Mitchell to get mountain-bike trailsStrap on your helmets and prepare to get muddy, mountain bikers. Mitchell will soon have its first system of mountain-biking trails.
By: Chris Huber, The Daily Republic
Strap on your helmets and prepare to get muddy, mountain bikers. Mitchell will soon have its first system of mountain-biking trails.
The trails will start at Kiwanis Woodlot Park near the south end of Lake Mitchell and will stretch nearly two miles in total length.
Mark Puetz, chairman of the Lake Mitchell Advisory Committee, sees the new trail system as a way for Mitchell residents to enjoy the outdoors while getting some exercise.
“The trails will be made up of multiple loops so people can ride all day if they want to,” said Puetz, who is a mountain biker. “It’s on a stacked system so some trails will have you riding along the lake, while others will take you through trees.”
The trailhead will be at Kiwanis Woodlot Park with trails looping around an 11-acre area between the park and the lake. Trails will be marked by difficulty.
“Think of it like a ski slope: You will have beginner trails, and then some with steeper inclines and turns for your more advance riders,” Puetz said.
The trail system will be single-track, meaning it will be made of dirt and between 2 and 3 feet wide.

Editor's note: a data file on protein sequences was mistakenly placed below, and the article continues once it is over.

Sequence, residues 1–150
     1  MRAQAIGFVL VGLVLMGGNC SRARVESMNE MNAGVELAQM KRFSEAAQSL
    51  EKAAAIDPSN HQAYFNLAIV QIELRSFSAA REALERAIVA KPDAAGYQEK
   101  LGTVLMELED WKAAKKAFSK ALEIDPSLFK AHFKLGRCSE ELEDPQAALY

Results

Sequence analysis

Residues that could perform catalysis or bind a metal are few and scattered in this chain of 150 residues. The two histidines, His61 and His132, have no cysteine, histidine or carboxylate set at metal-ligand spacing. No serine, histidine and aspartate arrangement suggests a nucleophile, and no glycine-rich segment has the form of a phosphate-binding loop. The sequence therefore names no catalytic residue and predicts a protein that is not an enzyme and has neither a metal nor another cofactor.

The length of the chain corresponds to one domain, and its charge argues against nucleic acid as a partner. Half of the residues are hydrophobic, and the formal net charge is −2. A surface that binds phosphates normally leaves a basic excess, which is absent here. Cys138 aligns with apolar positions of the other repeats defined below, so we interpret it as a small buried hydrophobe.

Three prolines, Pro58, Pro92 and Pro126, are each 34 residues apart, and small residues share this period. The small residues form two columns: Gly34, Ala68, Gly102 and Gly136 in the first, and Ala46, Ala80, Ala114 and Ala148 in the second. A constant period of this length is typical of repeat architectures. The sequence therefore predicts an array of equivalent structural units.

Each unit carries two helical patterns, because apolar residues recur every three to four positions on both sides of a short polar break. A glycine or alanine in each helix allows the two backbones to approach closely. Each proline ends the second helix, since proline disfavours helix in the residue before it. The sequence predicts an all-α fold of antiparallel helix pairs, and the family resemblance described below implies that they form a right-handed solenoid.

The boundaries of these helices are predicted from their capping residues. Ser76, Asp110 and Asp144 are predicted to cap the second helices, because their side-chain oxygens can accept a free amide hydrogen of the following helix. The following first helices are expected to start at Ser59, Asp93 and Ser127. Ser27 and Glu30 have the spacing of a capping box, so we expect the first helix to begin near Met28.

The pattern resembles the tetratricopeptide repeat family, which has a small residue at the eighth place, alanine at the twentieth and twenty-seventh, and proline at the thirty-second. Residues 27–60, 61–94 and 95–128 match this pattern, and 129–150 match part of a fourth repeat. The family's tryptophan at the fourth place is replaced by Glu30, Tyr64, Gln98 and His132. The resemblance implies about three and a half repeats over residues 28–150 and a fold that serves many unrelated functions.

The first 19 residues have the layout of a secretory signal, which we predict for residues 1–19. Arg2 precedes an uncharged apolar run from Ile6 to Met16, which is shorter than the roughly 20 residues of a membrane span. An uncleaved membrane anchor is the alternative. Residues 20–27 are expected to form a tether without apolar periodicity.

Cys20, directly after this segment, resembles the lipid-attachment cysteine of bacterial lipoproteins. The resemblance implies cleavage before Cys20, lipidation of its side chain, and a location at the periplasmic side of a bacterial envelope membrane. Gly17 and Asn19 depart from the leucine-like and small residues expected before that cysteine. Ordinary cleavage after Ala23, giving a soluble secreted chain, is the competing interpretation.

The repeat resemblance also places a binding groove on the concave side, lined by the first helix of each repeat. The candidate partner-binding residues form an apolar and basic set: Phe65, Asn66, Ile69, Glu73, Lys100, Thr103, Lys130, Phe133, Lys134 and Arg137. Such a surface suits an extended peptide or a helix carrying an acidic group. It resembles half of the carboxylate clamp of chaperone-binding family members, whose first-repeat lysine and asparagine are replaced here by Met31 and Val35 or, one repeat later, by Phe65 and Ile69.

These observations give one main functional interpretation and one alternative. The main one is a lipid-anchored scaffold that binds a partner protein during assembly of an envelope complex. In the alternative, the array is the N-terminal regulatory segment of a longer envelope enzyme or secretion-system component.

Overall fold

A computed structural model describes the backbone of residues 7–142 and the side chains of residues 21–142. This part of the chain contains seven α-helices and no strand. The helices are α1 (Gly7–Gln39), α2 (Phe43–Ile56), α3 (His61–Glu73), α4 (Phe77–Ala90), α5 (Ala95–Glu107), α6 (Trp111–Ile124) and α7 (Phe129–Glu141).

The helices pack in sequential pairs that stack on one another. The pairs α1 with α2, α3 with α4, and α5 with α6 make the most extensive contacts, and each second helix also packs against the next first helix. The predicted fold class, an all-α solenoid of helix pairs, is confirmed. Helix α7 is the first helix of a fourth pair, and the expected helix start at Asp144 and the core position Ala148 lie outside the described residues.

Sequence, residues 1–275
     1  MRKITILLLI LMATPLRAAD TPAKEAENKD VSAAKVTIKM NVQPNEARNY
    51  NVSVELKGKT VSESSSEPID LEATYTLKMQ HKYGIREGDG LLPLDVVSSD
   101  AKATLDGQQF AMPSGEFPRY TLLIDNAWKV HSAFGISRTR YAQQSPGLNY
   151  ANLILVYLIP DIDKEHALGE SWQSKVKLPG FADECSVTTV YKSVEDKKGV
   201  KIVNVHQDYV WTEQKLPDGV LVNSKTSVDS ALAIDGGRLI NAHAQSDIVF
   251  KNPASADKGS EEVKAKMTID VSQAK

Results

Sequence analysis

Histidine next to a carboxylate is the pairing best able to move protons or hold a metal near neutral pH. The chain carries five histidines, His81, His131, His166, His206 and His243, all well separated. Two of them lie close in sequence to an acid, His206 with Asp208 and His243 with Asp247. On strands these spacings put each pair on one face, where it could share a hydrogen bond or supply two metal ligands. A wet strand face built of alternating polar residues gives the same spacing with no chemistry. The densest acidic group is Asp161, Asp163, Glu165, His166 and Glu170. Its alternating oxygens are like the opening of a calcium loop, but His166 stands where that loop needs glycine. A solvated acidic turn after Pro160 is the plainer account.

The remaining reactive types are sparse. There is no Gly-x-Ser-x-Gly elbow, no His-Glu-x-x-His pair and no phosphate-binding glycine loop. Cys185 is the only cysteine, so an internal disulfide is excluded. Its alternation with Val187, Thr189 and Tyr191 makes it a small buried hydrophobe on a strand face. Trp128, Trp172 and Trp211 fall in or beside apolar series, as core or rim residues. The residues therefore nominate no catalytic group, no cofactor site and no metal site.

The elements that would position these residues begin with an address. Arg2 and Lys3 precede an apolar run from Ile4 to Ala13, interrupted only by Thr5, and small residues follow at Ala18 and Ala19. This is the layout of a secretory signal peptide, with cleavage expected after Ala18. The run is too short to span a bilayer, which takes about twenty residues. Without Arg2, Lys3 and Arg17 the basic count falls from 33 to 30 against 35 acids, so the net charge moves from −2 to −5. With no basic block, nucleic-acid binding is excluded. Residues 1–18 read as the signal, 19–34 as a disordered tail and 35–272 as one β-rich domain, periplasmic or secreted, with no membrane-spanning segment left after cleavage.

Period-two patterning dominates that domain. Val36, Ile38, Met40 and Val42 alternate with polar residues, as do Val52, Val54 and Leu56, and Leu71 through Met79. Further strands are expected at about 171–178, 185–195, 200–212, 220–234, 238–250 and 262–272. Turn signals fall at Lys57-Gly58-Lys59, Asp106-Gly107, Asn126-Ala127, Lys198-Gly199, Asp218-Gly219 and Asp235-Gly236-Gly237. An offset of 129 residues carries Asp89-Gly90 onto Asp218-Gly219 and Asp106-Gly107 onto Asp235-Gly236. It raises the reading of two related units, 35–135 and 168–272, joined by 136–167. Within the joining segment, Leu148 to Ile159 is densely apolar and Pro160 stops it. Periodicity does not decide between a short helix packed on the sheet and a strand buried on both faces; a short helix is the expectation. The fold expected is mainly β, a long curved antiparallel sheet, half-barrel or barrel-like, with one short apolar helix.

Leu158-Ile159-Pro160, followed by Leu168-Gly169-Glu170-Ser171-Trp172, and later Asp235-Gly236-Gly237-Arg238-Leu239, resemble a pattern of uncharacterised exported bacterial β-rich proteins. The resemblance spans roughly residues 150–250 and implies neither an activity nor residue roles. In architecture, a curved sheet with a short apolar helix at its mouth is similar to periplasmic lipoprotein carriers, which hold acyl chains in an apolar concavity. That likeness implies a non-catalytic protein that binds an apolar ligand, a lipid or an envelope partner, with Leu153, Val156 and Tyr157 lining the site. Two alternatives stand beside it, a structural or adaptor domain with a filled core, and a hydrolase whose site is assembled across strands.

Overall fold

“If you look around Mitchell, you see a whole lot of mountain bikes on the street,” Puetz said. “We want to think of this like a culture change that can happen in Mitchell. These bikes were designed for rough terrain, not just sidewalks, so we want to give people the right terrain to ride them on.”
The design calls for about a half-mile of existing, unmarked trail to be used for the system, with the other trails to be built by volunteers.
According to Puetz, the trail system will be as non-invasive as possible so habitat in the wooded area is not disrupted.
“We want to do this with very little money, so we are asking for any help from volunteers to help build the trails,” Puetz said.
Puetz hopes the project will be done in two years, or sooner depending on the level of volunteer help.
The trail system was designed by International Mountain Bicycling Association designer Chris Kehmeier. The design fee was $5,000, which was paid mostly with Tour de Corn proceeds donated by the Palace City Pedalers.
The IMBA will provide a trail-building class to volunteers at 9 a.m. Oct. 1 in the amphitheater at the Mitchell Technical Institute Technology Center, with a build at the lake to follow.
Anyone interested in helping build the trails should contact Puetz at 770-4947.